Cleveland dropped a 38-37 heartbreaker in Detroit on Sunday, losing when the Lions scored a touchdown and kicked the game-winning extra point with no time on the clock. The touchdown was set up by a pass interference call in the end zone against the Browns.
On Monday, Mangini, who didn't agree with the interference call, also complained about the number of Lions players who had gotten hurt while the Browns were running their no-huddle offense. He didn't flatly accuse Detroit's players of faking injuries, but Mangini questioned why so many of them went out with injuries, only to return to the game.
During his news conference Wednesday, Mangini said he wasn't trying to shy away from accountability.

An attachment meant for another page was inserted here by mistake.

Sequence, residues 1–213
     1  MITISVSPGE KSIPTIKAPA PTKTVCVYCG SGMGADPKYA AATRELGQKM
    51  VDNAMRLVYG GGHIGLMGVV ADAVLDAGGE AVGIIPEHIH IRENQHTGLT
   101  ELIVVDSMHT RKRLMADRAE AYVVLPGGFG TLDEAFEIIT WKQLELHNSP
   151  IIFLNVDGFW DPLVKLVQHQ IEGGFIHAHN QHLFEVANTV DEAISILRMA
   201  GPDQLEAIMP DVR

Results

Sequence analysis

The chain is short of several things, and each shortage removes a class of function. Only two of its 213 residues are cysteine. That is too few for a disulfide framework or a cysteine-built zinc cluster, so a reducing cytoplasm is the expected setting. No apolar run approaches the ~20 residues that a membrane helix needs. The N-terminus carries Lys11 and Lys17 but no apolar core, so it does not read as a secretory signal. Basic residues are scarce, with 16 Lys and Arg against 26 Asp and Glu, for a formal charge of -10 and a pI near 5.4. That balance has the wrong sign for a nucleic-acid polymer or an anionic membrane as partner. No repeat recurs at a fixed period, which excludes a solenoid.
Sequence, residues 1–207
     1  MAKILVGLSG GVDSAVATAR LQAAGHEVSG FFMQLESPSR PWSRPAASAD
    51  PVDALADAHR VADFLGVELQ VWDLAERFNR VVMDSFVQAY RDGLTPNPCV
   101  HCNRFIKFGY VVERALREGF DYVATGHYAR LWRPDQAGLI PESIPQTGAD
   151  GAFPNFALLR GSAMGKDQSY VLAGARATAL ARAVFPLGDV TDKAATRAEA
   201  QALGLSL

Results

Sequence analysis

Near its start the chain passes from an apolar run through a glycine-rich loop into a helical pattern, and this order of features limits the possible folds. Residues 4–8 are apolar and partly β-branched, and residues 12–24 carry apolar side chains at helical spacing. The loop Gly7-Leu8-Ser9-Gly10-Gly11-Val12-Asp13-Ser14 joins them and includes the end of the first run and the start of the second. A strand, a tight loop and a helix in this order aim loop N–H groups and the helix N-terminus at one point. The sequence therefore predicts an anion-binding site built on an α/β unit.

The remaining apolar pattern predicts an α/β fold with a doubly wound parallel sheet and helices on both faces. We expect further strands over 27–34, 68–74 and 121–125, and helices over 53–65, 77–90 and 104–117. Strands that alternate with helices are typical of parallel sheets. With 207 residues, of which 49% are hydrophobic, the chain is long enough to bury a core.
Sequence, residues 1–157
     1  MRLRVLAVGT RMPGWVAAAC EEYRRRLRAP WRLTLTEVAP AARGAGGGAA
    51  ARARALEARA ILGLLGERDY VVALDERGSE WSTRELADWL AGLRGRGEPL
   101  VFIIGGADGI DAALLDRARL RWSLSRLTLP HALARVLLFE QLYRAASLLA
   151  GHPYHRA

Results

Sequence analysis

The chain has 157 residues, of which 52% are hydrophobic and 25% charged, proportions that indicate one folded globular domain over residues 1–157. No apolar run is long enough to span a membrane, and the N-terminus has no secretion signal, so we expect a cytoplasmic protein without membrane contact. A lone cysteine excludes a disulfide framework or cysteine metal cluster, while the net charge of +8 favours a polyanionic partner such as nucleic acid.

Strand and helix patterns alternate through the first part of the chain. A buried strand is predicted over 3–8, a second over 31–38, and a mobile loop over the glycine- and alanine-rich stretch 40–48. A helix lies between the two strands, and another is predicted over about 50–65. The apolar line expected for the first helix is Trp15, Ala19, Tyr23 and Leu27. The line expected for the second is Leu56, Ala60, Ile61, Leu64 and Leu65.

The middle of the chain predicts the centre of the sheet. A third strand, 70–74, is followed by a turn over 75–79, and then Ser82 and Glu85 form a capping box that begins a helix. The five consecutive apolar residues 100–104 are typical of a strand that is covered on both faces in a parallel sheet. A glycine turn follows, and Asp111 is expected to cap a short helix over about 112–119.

"At the end of the day we're accountable for losing the game and for not making enough plays," he said. "That's me, that's the coaches, that's the players. That's what it was. I think I was frustrated with the situation and probably expressed that more than I probably should have, but at the end of the day we're responsible for it.
"We had plenty of opportunities to win the game and we didn't. That wasn't good enough," he said.
Lions coach Jim Schwartz took offense to Mangini's comments, saying "he's way out of bounds on that" and "that couldn't be further from the truth."
Mangini said he spoke with Schwartz, whom he began his NFL career working alongside in Cleveland under Bill Belichick during the 1990s.
"I talked to Jim for a while," he said. "We cleared the air. I like Jim. We've always had a good relationship so we talked through that. The bottom line is we didn't do enough to win the game. Jim and I are fine."